The long-legged oribi (oorbietjie in Afrikaans) is a small antelope, and one of the most special wildlife sightings you could hope for in South Africa.
They stand only between 50 and 65cm high at the shoulder, and weigh around 14kg. Only the males carry the sharp little horns that average between 10 and 13cm long.
These dainty antelope have very specific habitat requirements, preferring grasslands and floodplains with just the correct mix of short (for grazing) and long (for hiding) patches of grass. They also have very specific preferences as to the type of short grasses they feed on and, while they often occur near water, do not appear to drink very regularly, if at all.
Oribis are the most social of the smaller antelope species; the most commonly encountered grouping being a single territorial ram with up to four adult ewes and their lambs.
Oribi rams are territorial, and the family groups are extremely reluctant to leave their home ranges, even when being pursued (they prefer sprinting short distances to hide in long grass). For this reason, they suffer more than most dwarf antelope from predation and poaching. In South Africa, most lambs are born in the summer months of November and December and remain hidden for up to 4 months before they join their mother’s family group. They have a natural lifespan of 8 to 13 years.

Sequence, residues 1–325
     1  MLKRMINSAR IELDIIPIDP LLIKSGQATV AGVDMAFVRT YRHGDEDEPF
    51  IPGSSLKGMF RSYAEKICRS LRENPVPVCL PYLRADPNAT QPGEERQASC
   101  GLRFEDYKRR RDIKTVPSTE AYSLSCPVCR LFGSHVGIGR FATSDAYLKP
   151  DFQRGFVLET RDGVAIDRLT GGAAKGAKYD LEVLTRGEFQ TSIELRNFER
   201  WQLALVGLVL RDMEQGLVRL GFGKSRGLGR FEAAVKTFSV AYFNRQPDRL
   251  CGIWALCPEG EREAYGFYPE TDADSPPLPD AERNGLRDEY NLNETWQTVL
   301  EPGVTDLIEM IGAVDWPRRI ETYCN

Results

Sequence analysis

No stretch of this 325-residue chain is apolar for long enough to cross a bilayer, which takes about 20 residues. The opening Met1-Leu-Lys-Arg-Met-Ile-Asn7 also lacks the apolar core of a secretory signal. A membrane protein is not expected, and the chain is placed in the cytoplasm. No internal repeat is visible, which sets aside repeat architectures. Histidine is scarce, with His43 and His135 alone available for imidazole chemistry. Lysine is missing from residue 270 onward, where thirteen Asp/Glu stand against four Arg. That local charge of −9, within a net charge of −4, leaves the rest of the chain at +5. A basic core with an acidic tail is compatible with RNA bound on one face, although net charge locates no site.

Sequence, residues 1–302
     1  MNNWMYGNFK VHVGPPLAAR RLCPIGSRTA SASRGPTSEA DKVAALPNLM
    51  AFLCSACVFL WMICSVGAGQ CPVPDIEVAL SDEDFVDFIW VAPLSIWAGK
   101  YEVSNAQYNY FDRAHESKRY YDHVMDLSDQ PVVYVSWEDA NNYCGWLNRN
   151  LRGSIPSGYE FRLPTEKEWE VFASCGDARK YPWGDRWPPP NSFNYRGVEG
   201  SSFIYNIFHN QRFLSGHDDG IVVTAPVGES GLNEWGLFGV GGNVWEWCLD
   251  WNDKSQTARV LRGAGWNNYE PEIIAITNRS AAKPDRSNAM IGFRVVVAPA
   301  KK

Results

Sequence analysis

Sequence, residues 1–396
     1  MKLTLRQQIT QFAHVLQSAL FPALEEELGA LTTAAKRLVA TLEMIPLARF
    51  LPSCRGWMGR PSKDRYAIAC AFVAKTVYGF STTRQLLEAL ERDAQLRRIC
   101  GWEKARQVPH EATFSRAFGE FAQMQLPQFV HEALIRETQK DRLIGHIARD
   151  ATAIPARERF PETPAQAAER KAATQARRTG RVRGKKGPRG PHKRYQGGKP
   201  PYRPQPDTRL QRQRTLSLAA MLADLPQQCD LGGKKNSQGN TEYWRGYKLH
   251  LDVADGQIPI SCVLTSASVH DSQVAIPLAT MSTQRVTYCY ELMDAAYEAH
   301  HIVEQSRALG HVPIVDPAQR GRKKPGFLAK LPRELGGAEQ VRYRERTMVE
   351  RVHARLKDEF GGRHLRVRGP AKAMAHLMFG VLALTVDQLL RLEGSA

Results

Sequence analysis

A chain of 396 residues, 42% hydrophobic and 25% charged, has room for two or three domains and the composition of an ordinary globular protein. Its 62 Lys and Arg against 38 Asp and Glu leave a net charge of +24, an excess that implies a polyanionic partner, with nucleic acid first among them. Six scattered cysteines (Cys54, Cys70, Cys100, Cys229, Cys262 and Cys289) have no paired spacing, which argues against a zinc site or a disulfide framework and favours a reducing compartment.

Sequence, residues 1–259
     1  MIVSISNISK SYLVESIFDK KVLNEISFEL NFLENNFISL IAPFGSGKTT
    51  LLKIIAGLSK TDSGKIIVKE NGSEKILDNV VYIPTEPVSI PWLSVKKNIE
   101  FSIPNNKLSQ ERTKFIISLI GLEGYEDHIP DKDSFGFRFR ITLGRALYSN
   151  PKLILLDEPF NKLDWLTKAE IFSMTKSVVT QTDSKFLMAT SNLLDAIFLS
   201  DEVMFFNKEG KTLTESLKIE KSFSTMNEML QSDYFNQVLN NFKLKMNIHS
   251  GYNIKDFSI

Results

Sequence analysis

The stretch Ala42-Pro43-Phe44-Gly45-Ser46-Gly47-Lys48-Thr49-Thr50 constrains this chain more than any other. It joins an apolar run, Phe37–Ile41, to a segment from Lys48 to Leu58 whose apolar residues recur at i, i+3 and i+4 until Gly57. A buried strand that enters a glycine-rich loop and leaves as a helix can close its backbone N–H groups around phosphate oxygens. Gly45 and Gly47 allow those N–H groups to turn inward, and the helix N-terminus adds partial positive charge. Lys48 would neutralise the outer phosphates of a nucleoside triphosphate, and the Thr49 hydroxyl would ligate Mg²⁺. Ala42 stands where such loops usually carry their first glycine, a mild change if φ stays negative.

Today, the oribi is one of South Africa’s most endangered mammals, although in many other parts of Africa they are still quite numerous. Their favoured grassland habitat is prime for farming and thus getting ever scarcer and more fragmented, while illegal hunting with dogs is a further risk to their continued survival. Nevertheless, a substantial portion of the population still occurs on private land, and the Oribi Working Group’s annual census is an important tool to establish population sizes and trends.
South Africa’s biggest single population of oribi occurs in the Chelmsford Nature Reserve in Kwazulu-Natal Province. Chelmsford was the first destination on our recent summer holidays in the bush, and we’ll soon share more about our latest visit there with you.